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Friday, 14 October 1904

Mr KING O'MALLEY (Darwin) - I think that the House owes a debt of. gratitude to the honorable and learned member for Parkes for the splendid suggestion that steps should be taken to secure the reservation of the land along the projected route, because the taxpayers of the Commonwealth will have to pay for the construction of the railway. The cost will fall, not upon any one member of the community, but upon the whole of the people of the States. Great corporations often secure millions of acres of land on both, sides of lines of railways, and, locking it up for centuries, prevent settlement along them. If a private corporation were to obtain a. grant of land on each side of this projected railway, the country would probably not be populated for a hundred years. The land would be locked up, just as is the case along some of the railways, in the United States of America.. I. should oppose the selling of the land,, but if the suggestion ma'de by theĀ£ honorable and learned member for Parkes were acted upon, the Commonwealth would be able, by selling the land, to recoup itself in respect of the cost of carrying out the survey, and constructing the. line; Unless I were prepared to vote for the. building of the railway, I should not vote! for the making of the survey.,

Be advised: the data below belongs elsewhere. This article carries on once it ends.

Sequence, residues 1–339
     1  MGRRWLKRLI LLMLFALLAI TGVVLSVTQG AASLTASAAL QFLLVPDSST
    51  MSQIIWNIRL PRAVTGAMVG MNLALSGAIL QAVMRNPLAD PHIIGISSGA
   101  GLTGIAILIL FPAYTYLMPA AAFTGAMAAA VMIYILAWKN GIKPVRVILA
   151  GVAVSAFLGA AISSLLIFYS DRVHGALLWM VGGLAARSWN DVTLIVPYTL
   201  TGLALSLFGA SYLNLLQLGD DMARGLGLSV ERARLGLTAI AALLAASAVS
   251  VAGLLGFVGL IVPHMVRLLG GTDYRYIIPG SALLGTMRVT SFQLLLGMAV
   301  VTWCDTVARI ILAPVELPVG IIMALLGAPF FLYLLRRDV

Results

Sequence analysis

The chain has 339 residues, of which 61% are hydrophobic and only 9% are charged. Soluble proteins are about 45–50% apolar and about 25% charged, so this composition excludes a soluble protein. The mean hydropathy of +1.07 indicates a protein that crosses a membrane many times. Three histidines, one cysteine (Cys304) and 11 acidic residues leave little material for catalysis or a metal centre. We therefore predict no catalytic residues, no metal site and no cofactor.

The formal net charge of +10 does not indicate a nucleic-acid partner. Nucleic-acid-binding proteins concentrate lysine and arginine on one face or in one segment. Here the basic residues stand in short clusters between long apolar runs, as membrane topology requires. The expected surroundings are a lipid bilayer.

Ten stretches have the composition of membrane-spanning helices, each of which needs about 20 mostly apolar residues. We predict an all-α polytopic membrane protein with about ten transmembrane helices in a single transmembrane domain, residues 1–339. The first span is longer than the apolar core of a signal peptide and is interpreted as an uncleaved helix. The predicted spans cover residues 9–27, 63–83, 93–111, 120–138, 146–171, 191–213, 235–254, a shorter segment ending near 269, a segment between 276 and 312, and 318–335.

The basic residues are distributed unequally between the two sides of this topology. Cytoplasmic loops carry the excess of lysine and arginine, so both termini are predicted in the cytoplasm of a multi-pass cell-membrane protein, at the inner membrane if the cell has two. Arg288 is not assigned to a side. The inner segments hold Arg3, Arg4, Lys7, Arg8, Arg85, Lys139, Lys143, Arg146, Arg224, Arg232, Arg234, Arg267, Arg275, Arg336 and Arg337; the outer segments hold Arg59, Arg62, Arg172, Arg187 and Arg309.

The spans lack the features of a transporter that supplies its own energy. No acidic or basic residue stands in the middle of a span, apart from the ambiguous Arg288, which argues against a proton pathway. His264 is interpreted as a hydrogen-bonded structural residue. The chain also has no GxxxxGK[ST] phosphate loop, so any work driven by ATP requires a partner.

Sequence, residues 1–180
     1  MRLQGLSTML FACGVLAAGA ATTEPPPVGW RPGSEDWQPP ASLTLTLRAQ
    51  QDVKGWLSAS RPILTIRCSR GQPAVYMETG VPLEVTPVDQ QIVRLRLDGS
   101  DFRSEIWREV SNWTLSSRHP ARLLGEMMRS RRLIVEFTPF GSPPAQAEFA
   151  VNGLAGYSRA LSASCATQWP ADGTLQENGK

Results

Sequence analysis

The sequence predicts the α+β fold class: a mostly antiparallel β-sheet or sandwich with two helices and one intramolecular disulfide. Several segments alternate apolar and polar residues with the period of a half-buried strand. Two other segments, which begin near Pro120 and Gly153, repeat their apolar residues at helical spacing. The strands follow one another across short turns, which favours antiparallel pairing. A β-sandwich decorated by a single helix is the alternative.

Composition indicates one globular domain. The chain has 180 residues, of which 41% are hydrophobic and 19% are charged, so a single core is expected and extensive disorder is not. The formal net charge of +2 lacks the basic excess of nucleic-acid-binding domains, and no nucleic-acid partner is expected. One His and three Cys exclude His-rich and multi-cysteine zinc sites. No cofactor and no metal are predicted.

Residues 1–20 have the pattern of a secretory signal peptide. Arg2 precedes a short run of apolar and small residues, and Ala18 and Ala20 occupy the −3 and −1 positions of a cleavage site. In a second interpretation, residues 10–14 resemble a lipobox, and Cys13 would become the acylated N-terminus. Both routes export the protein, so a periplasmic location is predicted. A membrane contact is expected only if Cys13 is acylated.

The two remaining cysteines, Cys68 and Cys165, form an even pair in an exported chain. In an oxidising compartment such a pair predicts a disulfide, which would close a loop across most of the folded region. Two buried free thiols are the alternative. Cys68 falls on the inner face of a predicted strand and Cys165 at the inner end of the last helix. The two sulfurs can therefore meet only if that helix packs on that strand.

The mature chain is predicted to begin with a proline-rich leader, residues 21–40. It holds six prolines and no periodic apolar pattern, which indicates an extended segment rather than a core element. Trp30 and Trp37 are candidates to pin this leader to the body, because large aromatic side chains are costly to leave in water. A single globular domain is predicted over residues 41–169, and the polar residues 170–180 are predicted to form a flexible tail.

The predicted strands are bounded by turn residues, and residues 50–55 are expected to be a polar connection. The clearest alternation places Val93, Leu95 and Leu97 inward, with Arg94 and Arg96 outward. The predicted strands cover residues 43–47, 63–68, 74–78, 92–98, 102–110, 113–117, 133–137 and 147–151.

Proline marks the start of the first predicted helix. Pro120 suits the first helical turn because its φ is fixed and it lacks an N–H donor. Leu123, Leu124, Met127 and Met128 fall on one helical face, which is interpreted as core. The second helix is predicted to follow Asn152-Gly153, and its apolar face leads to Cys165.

Mr JOSEPH COOK (PARRAMATTA, NEW SOUTH WALES) - That is the proper position to take up.